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Hub motors revisited

Discussion in 'Technical' started by dieqast, Mar 4, 2008.

  1. dieqast

    dieqast Member

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    Hey everybody,

    My question is if Tesla ever played with the MIEV-idea, the use of 2 or 4 small electrical engines in the wheels instead of one big engine + connectionshafts? My opinion is this is a more compacter(thuss lighter), practical and efficient solution as you'll need less parts. Or has Tesla done some homework to prove that the 1 engine-solution is better? Also with the lower point of gravity and more space for batteries it looks like something ideal for this great innovating company to work with in the future.

    Thanks in advance.
     
  2. TEG

    TEG TMC Moderator

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  3. dieqast

    dieqast Member

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    Thanks for the links, I don't know the figures, but my hypothesis is that the efficiency of 4 seperate motors is better than mechanical efficiency of the drivetrain. My guess is that mechanical efficiency gets up to 80%-85% and the loss in efficiency between 1 and 4 seperate elektric motors is say low 90%'s. This is just guessing though, I haven't done any research on this. And my opinion is that the unsprung weight won't effect handling proportionately. Other than that, Tesla should stick to their current design for future models.
     
  4. vfx

    vfx Well-Known Member

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    Actually unsprung weight was the big reason not to use wheel motors in a sports car. Fine for a Milk Float / delivery van but crappy for a car that's supposed to have handling a priority.

    Check out Martin's comments under "Other Ideas" at the bottom of this page:
    Tesla Motors - think
     
  5. Brent

    Brent Member

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  6. Hunter

    Hunter Member

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    Before I start, it makes some difference here which Tesla drivetrain we're talking about. For simplicity I'm going to stick with 1.5, which just has a single reduction gear.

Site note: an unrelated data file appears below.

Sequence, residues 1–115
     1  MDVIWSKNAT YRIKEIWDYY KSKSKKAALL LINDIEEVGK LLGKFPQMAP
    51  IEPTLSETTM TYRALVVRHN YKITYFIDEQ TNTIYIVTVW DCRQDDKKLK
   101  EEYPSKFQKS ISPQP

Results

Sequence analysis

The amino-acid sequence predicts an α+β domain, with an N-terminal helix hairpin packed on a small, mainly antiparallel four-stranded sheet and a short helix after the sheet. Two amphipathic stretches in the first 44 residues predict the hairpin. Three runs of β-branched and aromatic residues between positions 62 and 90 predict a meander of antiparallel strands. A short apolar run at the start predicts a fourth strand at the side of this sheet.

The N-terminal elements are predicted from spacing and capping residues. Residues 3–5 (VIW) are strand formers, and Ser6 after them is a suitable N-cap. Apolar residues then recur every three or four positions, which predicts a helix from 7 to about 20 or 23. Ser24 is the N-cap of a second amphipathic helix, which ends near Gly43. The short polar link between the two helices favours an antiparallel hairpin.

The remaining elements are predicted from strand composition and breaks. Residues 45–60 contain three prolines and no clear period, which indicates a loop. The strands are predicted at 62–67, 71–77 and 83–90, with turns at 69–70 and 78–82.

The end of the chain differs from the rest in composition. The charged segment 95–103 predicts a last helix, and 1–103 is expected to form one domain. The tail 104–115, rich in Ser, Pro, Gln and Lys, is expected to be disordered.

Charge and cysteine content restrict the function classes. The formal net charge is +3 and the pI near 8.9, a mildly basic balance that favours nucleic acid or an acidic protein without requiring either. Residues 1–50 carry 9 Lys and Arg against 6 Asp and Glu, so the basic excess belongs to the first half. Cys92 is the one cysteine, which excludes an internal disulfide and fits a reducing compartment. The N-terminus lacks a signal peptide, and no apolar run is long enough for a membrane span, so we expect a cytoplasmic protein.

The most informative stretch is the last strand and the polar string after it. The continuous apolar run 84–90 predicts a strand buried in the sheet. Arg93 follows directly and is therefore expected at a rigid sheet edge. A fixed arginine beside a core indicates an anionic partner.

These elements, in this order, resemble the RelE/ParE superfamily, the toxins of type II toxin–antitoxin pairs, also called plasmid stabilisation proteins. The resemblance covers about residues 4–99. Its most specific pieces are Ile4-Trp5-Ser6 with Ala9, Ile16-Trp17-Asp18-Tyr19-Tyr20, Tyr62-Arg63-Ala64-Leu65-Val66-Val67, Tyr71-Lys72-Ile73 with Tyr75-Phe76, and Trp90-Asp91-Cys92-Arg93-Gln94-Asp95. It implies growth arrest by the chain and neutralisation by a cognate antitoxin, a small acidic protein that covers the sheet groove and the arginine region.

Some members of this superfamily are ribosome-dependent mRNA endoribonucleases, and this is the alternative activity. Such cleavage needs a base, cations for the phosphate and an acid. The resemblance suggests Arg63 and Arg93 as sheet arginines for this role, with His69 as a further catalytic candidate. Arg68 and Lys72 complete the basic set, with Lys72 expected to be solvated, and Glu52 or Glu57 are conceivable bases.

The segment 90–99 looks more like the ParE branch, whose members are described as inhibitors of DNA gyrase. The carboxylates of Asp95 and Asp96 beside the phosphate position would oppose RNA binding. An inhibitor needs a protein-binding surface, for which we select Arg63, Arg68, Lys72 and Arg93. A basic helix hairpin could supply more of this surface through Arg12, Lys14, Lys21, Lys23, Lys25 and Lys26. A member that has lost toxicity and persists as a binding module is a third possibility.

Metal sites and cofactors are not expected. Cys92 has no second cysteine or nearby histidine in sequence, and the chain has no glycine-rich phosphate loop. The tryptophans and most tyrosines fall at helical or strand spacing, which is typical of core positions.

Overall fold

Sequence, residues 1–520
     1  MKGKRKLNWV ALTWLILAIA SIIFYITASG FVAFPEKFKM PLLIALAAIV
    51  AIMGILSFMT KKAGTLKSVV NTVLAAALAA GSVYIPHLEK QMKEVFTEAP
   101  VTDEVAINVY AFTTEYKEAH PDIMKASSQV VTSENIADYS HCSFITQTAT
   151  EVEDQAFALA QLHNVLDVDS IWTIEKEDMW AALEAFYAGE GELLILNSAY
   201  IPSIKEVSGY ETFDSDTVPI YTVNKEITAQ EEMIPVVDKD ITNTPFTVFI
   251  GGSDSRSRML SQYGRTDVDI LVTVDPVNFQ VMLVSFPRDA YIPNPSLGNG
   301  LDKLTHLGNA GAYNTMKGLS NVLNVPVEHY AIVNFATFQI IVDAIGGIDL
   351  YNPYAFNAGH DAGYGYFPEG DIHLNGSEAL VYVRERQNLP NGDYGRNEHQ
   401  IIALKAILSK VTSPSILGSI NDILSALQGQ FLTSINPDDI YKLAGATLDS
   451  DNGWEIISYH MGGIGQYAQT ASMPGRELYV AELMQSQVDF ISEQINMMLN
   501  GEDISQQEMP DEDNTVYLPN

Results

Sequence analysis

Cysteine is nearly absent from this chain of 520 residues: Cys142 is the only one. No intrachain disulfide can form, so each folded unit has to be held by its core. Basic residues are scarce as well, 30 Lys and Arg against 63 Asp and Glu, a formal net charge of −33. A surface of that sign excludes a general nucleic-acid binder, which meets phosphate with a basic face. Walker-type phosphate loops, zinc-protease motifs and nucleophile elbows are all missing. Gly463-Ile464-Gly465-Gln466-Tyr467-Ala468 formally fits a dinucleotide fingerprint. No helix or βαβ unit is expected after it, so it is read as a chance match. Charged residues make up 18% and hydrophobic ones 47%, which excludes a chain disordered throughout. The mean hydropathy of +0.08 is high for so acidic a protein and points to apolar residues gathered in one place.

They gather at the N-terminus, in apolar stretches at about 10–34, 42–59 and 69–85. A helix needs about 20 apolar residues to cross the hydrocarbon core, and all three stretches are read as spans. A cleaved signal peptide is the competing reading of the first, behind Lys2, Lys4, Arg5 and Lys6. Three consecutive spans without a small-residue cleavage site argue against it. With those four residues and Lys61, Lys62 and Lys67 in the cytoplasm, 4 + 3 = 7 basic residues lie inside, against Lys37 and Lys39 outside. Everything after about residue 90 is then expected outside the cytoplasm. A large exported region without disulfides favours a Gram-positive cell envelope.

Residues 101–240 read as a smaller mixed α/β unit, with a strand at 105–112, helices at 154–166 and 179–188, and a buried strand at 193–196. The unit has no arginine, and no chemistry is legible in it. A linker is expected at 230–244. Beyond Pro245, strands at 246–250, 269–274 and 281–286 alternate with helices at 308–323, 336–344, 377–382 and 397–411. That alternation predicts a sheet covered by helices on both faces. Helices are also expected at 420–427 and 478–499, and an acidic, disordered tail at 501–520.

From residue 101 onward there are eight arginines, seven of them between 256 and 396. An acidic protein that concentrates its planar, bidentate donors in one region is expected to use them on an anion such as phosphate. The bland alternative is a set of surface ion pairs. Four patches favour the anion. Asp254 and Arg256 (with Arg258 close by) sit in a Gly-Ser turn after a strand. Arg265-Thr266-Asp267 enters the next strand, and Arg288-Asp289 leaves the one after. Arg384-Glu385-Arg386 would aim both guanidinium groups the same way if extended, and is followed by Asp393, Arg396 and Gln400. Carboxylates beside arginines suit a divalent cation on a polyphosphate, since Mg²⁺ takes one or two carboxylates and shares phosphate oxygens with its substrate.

First note that these hub motors are not likely to run at wheel speed either, so they also need reduction gears. So it's not right to act like you skip all drivetrain losses by using hub motors. It seems to me that the only part you are getting around is the differential. These vary to a certain degree, but I would expect this part to be at least 95% efficient. And I would anticipate the four little motors would be less than 95% as efficient as the one big motor, but I can't find much in the way of specs around. In any case, whichever way you go it's going to be very close...you won't save more than a percent or so.

    Of course, the whole question (while interesting) is basically moot...efficiency wasn't even the big reason Tesla cited for going with the one motor. You offer no explanation why you don't think unsprung weight matters. It does. In addition to the links TEG gave, this Tesla blog on driving dynamics explains it well (and is good read for lots of other reasons). That plus the cost, weight, and complexity make great reasons to go with the single motor, and even if the hub motors were a couple percent more efficient it wouldn't be enough to override these concerns.
     
  7. W8MM

    W8MM R1.5 #325 + Mdl S #01380

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    There's also a reliability argument involved.

    MTBF (mean time before failure) responds inversely to the square of the number of parts in an assembly.

    If a single hub motor were to achieve the same MTBF as a big motor, one could expect the failure of one of the group of four hub motors compared to the failure of the big motor to occur 16 times sooner, on average.

    It seems to me that trying to make a hub motor that is pounding up and down over pot holes 16 times more reliable than a big motor isolated in the central chassis is a pretty tall order.
     
  8. doug

    doug Administrator / Head Moderator

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    Personally, I don't think hub motors are necessarily better.